Winner: Best-one @ Brownlie’s, Biggar
Beer Retailer of the Year 2016 – sponsored by Tennent’s
Interview with Bruce and Donna Morgan, owners.
Size: 950 sq ft
Years at store to date: 10
- In June Bruce and Donna marked 10 years as owners of Brownlie’s. They celebrated with three days of offers and special events at the store.
- The couple and their team do a lot in aid of charity. This year Bruce has set himself the challenge of running 1000 miles, including at least one race each month. At the time of going to press, he had run almost 600 miles and raised £2,000 for Macmillan Cancer Support.
- The store’s bottled beer range can run to over 90 lines and features many traditional and innovative beers from the growing crop of successful Scottish craft breweries.
- Brownlie’s at Biggar is a renowned retailer of beers, wines and spirits and last year was awarded the title of Licensed Retailer of the Year at the Scottish Grocer Awards 2015.
THIS year, Bruce and Donna Morgan celebrated their 10th anniversary as the owners of Best-one @ Brownlie’s of Biggar. The winner of Beer Retailer of the Year Award at the Scottish Grocer Awards 2016, Brownlie’s has come a long way since 2006.
“When we took it over, the shop did need a refit,” said Donna. “We started quite small, working on one bit at a time. It was only when Sainsbury’s announced they were coming that we decided to rip everything out and start again.
“We tried to make different areas within the shop and improve the feel of the alcohol area. Over the years we’ve built up our range. When we took over the shop we probably did a couple of shelves of bottled beers and we’ve increased that gradually over the years.”
A core range of big brands and popular sellers are supplied by the store’s symbol group Best-one, dual sited in the chiller and ambient areas. But a step into that ambient alcohol section also reveals upwards of 90 craft beers and traditional ales, most of them Scottish.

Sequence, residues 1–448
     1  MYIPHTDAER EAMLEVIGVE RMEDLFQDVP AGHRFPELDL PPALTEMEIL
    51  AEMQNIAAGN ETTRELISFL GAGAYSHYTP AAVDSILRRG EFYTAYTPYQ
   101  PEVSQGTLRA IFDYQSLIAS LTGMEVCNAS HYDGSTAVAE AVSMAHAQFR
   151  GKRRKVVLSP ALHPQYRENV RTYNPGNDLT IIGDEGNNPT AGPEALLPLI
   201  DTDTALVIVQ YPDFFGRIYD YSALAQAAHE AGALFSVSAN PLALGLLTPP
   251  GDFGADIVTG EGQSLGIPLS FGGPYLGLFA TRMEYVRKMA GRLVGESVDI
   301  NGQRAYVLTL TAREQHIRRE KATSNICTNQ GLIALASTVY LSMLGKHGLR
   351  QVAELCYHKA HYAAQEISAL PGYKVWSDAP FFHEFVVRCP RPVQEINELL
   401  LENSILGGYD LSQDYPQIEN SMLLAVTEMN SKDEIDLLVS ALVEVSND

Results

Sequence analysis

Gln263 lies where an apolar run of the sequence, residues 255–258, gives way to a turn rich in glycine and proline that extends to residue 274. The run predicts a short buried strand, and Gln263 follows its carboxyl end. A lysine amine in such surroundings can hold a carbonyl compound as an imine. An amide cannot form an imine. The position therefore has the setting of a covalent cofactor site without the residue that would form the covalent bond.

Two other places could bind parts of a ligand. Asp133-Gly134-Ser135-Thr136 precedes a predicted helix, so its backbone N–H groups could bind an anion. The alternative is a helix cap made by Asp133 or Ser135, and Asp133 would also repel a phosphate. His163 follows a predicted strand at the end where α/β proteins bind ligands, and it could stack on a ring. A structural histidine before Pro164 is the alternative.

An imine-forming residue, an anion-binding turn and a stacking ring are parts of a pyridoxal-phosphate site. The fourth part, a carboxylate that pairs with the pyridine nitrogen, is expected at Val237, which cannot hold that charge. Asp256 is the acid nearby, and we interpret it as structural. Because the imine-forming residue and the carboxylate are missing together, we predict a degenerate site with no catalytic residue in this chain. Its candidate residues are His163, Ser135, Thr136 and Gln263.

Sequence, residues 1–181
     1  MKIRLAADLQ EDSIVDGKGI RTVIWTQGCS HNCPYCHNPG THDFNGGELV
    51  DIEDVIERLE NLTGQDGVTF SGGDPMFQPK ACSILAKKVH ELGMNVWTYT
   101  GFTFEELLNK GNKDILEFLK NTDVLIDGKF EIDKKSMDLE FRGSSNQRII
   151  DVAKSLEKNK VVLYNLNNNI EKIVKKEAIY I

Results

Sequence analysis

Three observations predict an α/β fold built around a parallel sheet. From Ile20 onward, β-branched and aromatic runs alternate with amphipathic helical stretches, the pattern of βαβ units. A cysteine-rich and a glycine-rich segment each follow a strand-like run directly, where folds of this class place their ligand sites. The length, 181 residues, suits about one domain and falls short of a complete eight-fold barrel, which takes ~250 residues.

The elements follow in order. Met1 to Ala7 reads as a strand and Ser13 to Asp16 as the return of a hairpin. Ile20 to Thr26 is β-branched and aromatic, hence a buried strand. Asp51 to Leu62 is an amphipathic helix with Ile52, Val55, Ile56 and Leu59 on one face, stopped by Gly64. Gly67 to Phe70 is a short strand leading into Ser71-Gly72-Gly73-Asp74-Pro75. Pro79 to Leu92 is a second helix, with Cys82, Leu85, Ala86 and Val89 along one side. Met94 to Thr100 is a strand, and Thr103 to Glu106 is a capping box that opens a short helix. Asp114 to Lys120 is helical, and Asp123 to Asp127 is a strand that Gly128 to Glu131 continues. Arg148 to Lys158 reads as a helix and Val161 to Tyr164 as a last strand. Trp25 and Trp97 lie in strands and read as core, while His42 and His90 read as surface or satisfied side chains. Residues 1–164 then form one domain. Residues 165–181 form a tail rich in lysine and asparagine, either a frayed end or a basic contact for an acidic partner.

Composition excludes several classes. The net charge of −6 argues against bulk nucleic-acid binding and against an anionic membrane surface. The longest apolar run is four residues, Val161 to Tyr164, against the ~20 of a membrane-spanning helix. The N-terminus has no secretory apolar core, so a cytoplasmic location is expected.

Bruce and Donna deal directly with brewers like Williams Brothers and Broughton as well as with a number of specialist suppliers including the Cress Company, Inverarity Morton and Gordon and Macphail.
“We have a lot of Scottish beers, a few English and some international beers as well,” said Bruce. “We’re quite limited for space, with the physical dimensions of the shop, so we’ve got to be selective. We can’t broaden our range without knocking something else off.
“At the end of the month we look at our sales figures to see the bottom sellers. If there’s only two or three bottles of something that’s not doing so well still left on the shelf I’ll just take them away with me and give them a good home. And we’ll put another product in that place to see how it goes.
“We’ll follow the trends as well. Real ale and craft beer are very big right now.”
Contrary to the stereotype, it isn’t just urbanite hipsters who are interested in craft beer. At Brownlie’s a broad mix of customers check out the shelves, searching through the bottles for something that captures their imagination.
“Customers like coming in here to find something different,” said Donna. “And we stock a lot of things because customers have specifically asked us for them. Because we’re independent we have the ability to do that.
“We do the same thing with beers as with all our categories in the store, really. We offer a standard range, but supplement it with things that they won’t have at Sainsbury’s, Co-op or Spar. That’s really important for us.
“We’ve had some that haven’t worked. You have to try. You have to keep it interesting. Customers will buy what they like, but if they see something new they might just pick it up to try it.”
Customers also get to try new beers – and other drinks – at the store’s regular tasting events, with the biggest, held in the run-up to Christmas, attracting upwards of 40 people.
Donna’s key piece of advice for retailers looking to improve their beer offering is a simple one.
“Speak to your customers. Everything we stock is down to our customers. I wouldn’t say go crazy. Build up from the popular ones that people will know and then you can become a bit more specialist. Our shop evolved from talking to people and getting to know them, finding out what they’re looking for,” she said.
“A lot of people will come in looking for something, but won’t necessarily ask if they can’t see it. If I see someone looking I’ll always ask if there’s something we’ve not got. People now know that they can come in and ask us for things. It’s so key that you get to know what your customers want and talk to them about it.
“In a lot of places our shop wouldn’t work, but wherever you are, with the kind of competition out there, you need to be able to make yourself stand out.”